Gov. J.B. Pritzker announced in a Friday press conference that a partnership is being set up with Chicago’s Lurie Hospital and four federally qualified health centers on the city’s south and west sides.

The demographics data accumulating over the last few weeks shines a light on a “uniquely American problem…generations of healthcare disadvantages, amplified by this crisis,” said Pritzker.

Despite more than a thousand new cases being announced in Illinois Friday, Pritzker said, “It appears that we’re bending the curve.”

5:05 p.m. ET, April 10, 2020

FDNY has 688 positive coronavirus cases

From CNN's Mark Morales

David Dee Delgado/Getty Images
David Dee Delgado/Getty Images

As of Friday, 688 New York City Fire Department members have tested positive for Covid-19, according to FDNY spokesman Jim Long. That number includes firefighters, EMS and civilian personnel.

There are currently 2,600 members on medical leave, down slightly from 2,800 yesterday. This includes non-Covid-19 related illness.

4:55 p.m. ET, April 10, 2020

70 people test positive for coronavirus at San Francisco homeless shelter

From CNN’s Dan Simon

Seventy people at a San Francisco homeless shelter have tested positive for the coronavirus, Mayor London Breed announced Friday at a news conference, calling the development “troubling.”

The outbreak occurred at the MSC South homeless shelter, one of the biggest shelters in the city, where 68 residents and two staff members have been infected, she said. On any given night, the shelter can accommodate as many as 340 people, but it is now only serving about 100 residents.

“We knew congregate living settings had the potential of being hotspots, so we have been preparing for that,” Breed said.

 Breed said city officials are converting the shelter into a “medical facility.”  

“We’re on top of it,” she added.

4:54 p.m. ET, April 10, 2020

Louisiana is now reporting more than 19,000 coronavirus cases

Gov. John Bel Edwards speaks at a news conference in Baton Rouge, Louisiana on April 9.
Gov. John Bel Edwards speaks at a news conference in Baton Rouge, Louisiana on April 9. Hilary Scheinuk/The Advocate via AP

Louisiana has 19,253 coronavirus cases and 755 deaths in total, Gov. John Bel Edwards said on Friday during a press conference.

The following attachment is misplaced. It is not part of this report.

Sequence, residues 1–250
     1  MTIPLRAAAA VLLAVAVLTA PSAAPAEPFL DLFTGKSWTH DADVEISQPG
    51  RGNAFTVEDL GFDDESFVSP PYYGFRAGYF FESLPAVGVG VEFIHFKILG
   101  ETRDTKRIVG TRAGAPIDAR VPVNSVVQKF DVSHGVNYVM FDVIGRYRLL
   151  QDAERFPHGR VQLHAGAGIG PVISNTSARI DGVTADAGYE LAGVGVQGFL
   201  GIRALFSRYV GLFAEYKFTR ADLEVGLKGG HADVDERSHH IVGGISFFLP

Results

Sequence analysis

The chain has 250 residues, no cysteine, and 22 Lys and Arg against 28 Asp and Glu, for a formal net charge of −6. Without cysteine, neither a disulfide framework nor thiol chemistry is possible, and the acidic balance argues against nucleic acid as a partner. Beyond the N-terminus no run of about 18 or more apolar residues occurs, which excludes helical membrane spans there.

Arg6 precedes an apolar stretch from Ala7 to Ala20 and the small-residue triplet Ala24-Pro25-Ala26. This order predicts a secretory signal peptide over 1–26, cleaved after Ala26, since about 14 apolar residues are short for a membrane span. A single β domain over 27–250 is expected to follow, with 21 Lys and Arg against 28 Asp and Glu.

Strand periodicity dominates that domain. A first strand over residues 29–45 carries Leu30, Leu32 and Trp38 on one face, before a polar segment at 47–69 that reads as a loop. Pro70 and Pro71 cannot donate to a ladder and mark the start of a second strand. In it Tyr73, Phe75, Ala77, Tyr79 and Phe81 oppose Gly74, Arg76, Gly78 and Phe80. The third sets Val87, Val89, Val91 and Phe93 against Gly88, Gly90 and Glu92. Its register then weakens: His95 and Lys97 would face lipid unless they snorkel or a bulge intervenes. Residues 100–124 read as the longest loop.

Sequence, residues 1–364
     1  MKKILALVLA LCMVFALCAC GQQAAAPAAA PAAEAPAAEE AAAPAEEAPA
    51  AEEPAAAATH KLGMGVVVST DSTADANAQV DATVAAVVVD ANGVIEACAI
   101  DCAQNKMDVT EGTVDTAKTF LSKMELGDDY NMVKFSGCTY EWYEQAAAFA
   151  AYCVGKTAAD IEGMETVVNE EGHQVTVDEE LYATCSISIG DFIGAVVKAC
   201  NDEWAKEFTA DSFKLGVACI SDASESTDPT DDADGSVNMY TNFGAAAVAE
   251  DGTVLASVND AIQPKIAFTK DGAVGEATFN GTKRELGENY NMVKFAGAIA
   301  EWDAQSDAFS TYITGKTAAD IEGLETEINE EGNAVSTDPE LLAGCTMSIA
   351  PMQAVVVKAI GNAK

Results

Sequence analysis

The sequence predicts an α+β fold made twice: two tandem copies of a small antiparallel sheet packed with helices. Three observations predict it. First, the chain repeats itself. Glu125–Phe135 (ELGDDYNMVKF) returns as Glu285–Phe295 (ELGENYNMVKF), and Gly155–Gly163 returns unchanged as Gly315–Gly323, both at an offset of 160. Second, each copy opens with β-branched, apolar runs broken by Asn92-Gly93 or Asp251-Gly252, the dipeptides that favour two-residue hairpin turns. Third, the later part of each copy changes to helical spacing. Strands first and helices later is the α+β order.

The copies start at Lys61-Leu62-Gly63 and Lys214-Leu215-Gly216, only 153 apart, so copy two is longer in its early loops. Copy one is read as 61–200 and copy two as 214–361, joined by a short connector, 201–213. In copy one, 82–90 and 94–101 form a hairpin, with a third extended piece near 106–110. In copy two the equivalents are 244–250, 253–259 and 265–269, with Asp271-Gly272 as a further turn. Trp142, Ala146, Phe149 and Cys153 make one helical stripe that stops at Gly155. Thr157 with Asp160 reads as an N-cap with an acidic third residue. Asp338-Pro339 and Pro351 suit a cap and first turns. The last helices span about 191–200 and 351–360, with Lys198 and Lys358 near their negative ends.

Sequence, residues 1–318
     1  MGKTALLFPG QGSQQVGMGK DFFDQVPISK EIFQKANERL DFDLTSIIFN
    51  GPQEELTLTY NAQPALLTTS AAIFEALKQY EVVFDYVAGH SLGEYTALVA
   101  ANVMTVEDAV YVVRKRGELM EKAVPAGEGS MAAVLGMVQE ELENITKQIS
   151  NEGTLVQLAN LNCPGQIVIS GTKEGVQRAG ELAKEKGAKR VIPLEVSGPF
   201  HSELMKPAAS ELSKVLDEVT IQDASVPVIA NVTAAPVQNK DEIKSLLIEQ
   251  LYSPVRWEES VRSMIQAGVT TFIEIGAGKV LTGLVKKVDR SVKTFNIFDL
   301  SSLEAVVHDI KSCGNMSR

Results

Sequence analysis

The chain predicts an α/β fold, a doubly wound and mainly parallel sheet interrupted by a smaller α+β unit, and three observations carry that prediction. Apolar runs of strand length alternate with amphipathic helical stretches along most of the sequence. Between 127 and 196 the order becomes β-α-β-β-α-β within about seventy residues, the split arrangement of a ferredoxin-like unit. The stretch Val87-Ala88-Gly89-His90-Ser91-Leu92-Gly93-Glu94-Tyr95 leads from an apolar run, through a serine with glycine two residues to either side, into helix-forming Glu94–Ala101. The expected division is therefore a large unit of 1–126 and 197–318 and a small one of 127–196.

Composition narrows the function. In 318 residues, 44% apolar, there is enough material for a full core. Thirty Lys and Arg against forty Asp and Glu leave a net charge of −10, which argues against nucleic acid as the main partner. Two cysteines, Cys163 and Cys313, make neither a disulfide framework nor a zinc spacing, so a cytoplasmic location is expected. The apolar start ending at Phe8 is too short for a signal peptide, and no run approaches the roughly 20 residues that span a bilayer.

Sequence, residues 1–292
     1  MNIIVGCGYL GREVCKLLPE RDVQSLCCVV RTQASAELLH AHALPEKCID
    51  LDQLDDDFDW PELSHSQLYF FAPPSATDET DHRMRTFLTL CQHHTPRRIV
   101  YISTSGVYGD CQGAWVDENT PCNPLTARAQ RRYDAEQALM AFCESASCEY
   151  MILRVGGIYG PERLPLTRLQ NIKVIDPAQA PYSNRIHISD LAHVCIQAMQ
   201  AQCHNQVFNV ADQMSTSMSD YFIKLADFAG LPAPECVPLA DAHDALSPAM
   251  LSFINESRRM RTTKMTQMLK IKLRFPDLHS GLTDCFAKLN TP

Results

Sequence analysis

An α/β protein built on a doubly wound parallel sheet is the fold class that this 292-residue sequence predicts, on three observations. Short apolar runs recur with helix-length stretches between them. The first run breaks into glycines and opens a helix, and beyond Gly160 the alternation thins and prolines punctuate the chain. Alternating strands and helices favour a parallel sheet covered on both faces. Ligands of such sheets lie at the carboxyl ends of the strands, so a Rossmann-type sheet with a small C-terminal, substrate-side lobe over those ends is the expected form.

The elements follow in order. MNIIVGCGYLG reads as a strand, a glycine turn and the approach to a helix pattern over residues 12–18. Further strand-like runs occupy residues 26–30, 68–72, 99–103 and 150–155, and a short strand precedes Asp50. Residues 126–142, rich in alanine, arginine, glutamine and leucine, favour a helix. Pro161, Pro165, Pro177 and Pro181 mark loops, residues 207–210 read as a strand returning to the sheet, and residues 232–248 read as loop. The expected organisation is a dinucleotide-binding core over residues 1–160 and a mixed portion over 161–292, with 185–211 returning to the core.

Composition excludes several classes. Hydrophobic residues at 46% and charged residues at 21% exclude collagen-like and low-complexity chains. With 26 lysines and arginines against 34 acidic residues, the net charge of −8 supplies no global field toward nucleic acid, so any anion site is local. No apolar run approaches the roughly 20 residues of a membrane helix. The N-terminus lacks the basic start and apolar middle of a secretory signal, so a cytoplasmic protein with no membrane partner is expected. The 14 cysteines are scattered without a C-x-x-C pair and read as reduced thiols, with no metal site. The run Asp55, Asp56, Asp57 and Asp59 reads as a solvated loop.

4:40 p.m. ET, April 10, 2020

Houston police will enforce Easter weekend ban on using parks and trails

The city of Houston is closing its parks and trails for the weekend to try to keep people from spreading the coronavirus over the Easter holiday — and officers will be out watching for violators. 

Police Chief Art Acevedo said in a Friday afternoon press conference they will be out "on foot, on bicycles, on specialized vehicles and on horseback" to look for people violating the rules and are prepared to issue citations. 

Acevedo said they have enough manpower to monitor the parks despite having 82 officers under quarantine.

Under a state order, Texas churches can hold in-person Easter services as long as social distancing rules are followed, but Houston Mayor Sylvester Turner said at the news conference that he hopes they won’t. 

"It's not an issue of fear,” Turner said. “It's an issue of keeping the members safe.”

4:36 p.m. ET, April 10, 2020

Prominent coronavirus model now says today is peak day for new deaths


The influential coronavirus model by the University of Washington's Institute for Health Metrics and Evaluation now calls today the peak day for new deaths, and revises several key numbers slightly.

The model update, released this afternoon, keeps peak hospital resource use on Saturday. But it moves peak death numbers to today instead of Sunday, and the number now peaks at a projected 1,983 — down from about 2,200 in an earlier version.

As for overall projected deaths, the model now projects about 61,500 in the US by August, compared to about 60,000 earlier this week

IHME has constantly been updating the model as new real-time data comes in. 

Remember: The model assumes full social distancing measures in place through the end of May. But the real future of those measures is unclear as the federal and state governments weigh plans to reopen schools, businesses and other parts of society.